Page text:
Changing Clinical Trials
August 2, 2013
Clinical drug trials are by nature a bit of a gamble. The drug itself is experimental. It’s either a brand new drug or a brand new application for an existing drug. In any case, neither the drug’s effectiveness nor a positive result for the patient are guaranteed.
As the patient, you’re well aware of this; especially if you’re participating in the trial because you have cancer. In my case, choosing to participate in a clinical trial was made simple because it was the only choice I had left. Surgery was no longer an option for me. My type of bone cancer, a rare type called Chondrosarcoma, had progressed to the point where it was inoperable. Given the circumstances, a clinical trial made sense for me.
It’s obvious why clinical trials start, but you should know they can stop for a number of reasons. Sometime the drug simply isn’t working against your cancer. Other times the side effects become too much to handle. Or the drug company isn’t seeing enough in the way of positive results for the patients enrolled in the study. My first clinical trial ended for that exact reason. The drug company cancelled the trial because the result from the actual drug were no better than the placebo.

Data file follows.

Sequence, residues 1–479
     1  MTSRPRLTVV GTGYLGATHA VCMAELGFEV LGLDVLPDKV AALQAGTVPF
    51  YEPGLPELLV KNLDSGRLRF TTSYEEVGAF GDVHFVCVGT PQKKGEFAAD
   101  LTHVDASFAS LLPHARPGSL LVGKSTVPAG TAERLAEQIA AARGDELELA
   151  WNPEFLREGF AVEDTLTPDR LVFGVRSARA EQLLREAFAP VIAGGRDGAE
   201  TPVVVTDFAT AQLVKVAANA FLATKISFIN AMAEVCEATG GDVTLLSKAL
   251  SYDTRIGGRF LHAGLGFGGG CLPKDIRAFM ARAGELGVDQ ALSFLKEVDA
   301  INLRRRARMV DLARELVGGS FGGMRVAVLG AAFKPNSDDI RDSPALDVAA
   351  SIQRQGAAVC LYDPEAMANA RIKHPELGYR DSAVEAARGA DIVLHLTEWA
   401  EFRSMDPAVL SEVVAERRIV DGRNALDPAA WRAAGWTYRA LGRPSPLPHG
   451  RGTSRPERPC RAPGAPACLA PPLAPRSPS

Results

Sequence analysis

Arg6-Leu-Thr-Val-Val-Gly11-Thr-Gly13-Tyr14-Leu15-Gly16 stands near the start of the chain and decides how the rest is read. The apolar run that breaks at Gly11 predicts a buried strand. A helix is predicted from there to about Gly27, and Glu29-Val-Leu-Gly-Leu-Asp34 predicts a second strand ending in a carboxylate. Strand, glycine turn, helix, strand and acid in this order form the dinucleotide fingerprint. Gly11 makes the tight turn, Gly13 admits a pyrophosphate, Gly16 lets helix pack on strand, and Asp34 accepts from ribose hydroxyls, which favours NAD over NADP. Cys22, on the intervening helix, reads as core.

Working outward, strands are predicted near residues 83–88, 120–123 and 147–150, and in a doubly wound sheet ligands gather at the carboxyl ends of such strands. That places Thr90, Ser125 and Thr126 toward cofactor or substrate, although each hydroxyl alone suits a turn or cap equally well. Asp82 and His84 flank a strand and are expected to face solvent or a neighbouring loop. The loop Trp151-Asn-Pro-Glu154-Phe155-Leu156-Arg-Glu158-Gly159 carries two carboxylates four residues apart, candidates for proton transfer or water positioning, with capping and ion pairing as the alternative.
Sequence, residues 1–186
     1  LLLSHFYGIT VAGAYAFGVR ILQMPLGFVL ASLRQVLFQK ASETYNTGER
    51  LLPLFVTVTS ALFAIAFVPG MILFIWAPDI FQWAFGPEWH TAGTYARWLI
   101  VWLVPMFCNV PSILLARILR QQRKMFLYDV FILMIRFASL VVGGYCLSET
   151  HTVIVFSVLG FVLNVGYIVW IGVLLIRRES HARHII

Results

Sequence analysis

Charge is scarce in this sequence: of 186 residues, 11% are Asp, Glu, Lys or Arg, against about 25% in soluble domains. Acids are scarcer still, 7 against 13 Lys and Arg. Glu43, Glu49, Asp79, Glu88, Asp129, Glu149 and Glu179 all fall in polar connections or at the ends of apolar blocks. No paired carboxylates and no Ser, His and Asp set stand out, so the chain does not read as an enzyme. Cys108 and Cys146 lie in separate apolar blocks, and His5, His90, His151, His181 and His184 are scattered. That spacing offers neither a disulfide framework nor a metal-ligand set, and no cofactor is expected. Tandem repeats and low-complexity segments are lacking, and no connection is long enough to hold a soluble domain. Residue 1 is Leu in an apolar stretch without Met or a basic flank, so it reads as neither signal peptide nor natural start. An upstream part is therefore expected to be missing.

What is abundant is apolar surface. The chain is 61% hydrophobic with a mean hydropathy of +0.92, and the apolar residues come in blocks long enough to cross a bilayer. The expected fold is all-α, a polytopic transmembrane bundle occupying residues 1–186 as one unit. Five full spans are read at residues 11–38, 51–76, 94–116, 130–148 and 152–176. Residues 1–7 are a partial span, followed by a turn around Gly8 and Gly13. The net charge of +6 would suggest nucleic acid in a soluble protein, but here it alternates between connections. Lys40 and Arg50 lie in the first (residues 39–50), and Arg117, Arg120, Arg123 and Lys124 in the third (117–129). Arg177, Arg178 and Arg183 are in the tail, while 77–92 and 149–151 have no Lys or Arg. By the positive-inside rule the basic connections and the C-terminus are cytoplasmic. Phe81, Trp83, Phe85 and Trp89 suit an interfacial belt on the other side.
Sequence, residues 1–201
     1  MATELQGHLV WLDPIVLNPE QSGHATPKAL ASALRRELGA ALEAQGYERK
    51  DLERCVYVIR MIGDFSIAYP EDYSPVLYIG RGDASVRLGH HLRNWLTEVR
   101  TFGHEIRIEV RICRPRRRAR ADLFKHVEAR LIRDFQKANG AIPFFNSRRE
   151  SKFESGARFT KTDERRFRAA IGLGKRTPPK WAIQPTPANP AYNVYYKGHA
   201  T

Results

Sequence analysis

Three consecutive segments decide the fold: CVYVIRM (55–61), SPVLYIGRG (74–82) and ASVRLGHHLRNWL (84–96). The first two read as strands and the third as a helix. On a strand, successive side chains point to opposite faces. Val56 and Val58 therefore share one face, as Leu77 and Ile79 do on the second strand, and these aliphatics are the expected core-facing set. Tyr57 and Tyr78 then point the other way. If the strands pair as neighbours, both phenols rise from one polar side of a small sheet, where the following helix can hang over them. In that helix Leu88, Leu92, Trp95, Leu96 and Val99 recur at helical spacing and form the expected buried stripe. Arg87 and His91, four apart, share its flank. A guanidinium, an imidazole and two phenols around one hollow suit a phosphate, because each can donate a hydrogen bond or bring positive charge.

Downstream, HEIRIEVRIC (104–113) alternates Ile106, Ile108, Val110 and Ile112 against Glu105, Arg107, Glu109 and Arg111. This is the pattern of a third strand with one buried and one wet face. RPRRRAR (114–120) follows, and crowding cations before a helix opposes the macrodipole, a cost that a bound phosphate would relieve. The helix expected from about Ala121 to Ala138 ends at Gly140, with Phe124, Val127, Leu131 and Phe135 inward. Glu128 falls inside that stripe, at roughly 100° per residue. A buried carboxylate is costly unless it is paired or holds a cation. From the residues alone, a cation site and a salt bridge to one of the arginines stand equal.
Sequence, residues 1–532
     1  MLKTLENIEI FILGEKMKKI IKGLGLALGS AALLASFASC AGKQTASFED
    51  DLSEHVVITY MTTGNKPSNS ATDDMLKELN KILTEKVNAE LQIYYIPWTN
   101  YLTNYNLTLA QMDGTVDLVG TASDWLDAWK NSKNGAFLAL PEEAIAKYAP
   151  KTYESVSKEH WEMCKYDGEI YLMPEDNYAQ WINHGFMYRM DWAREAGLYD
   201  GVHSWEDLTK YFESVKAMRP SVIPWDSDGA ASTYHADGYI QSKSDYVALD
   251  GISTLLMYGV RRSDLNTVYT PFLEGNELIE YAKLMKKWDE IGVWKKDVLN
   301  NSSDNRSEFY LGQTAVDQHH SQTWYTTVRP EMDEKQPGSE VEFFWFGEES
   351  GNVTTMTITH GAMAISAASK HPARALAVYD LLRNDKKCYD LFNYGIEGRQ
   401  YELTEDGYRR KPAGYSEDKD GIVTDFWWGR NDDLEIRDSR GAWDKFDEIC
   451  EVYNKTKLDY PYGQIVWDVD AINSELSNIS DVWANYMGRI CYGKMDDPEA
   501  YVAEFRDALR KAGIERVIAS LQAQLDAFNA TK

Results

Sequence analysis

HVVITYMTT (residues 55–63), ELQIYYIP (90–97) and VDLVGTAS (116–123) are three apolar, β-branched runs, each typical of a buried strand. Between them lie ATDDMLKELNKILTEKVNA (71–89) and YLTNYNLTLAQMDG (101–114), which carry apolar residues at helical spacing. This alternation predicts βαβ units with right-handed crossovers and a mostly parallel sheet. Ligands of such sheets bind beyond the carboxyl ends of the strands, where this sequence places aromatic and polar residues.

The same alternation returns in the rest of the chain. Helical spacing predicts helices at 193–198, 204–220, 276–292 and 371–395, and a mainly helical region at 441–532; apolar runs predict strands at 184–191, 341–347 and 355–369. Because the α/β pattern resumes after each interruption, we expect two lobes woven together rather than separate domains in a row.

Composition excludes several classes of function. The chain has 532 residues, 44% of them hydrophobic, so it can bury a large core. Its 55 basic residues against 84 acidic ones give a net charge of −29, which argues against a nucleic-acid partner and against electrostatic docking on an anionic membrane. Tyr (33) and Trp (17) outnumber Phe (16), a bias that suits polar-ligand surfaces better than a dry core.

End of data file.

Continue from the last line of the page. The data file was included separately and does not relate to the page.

Truth be told, I was actually relieved. I’d been considering withdrawing from the trial because the side effects had gotten brutal and the drug wasn’t helping my tumors. There was another clinical trial waiting in the wings, so after a month-long withdrawal from the first drug to ensure my system was back to normal, I switched to the new drug trial.
The initial results had been hopeful. The cancer tumors in my leg and arm were stable and did not move. There was no more evidence of metastasizing from the tumors in my lungs. The lung tumors themselves become so transparent they were frequently hard for the radiologist to spot on the chest x-rays. The exception in an otherwise flawless series of scans was the group of tumors in my left leg, near the site of a cancer-related amputation. Slight tumor growth continued there, but it was not occurring at a rate that could be called progressive…until now.
The measurements from the last set of scans in early July showed my leg tumors growing at a rate beyond what the trial protocol permitted. At this point, I am staying on the clinical trial through a waiver, pending the results of my next set of scans at the end of August. If the growth has stopped, I’ll be allowed to stay on the trial. If not, I’ll be taken off of the trial and we’ll have to look at what other options exist.
Right now, the choice of options is loaded with qualifiers. There is a chance I could continue with the current drug off-study, since it is already FDA approved for some types of cancers. The question is whether I would be approved under those guidelines, and whether or not my insurance would cover the cost of the drug and being treated at MD Anderson. Or maybe I will have to try a new clinical trial.